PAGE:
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From Middle English compellen, borrowed from Middle French compellir, from Latin compellere, itself from com- (together) + pellere (to drive). Displaced native Middle English fordriven ("to drive out, to lead to, to compel, to force"), from Old English fordrīfan. More at fordrive.


  • IPA(key): /kəmˈpɛl/
  • (file)
  • Rhymes: -ɛl
  • Hyphenation: com‧pel


compel (third-person singular simple present compels, present participle compelling, simple past and past participle compelled)

  1. (transitive, archaic, literally) To drive together, round up (Can we add an example for this sense?)
  2. (transitive) To overpower; to subdue.
    • 1917, Upton Sinclair, chapter 16, in King Coal:
      She had one of those perfect faces, which irresistibly compel the soul of a man.
  3. (transitive) To force, constrain or coerce.
    Logic compels the wise, while fools feel compelled by emotions.
    • 1600, William Shakespeare, Julius Caesar, act 5, scene 1,
      Against my will, / As Pompey was, am I compell’d to set / Upon one battle all our liberties.
    • Hallam
      Wolsey [] compelled the people to pay up the whole subsidy at once.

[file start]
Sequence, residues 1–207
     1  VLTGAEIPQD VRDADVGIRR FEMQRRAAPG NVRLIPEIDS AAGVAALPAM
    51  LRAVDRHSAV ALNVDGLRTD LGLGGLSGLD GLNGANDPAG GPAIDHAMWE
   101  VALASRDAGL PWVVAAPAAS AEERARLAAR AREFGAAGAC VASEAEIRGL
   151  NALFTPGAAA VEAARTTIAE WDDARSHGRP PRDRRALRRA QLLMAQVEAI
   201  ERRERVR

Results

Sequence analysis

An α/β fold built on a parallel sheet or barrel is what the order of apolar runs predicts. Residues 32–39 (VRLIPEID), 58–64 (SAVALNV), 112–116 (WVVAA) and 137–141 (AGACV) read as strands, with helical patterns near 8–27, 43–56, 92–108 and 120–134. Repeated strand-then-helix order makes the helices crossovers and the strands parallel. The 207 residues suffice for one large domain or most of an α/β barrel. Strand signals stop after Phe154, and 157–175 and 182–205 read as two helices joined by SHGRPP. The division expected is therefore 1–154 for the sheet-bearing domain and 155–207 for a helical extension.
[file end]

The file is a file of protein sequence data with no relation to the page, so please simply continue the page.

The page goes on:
4. (transitive) To exact, extort, (make) produce by force.
    • Shakespeare
      Commissions, which compel from each / The sixth part of his substance.
    • 1912, L. Frank Baum, chapter 14, in Sky Island:
      The Queen has nothing but the power to execute the laws, to adjust grievances and to compel order.
  5. (obsolete) To force to yield; to overpower; to subjugate.
    • Dryden
      Easy sleep their weary limbs compelled.
    • Tennyson
      I compel all creatures to my will.
  6. (obsolete) To gather or unite in a crowd or company.
    • Dryden
      in one troop compelled
  7. (obsolete) To call forth; to summon.
    • Spenser
      She had this knight from far compelled.
    (Can we find and add a quotation of Chapman to this entry?)

Derived termsEdit

Related termsEdit


The translations below need to be checked and inserted above into the appropriate translation tables, removing any numbers. Numbers do not necessarily match those in definitions. See instructions at Wiktionary:Entry layout#Translations.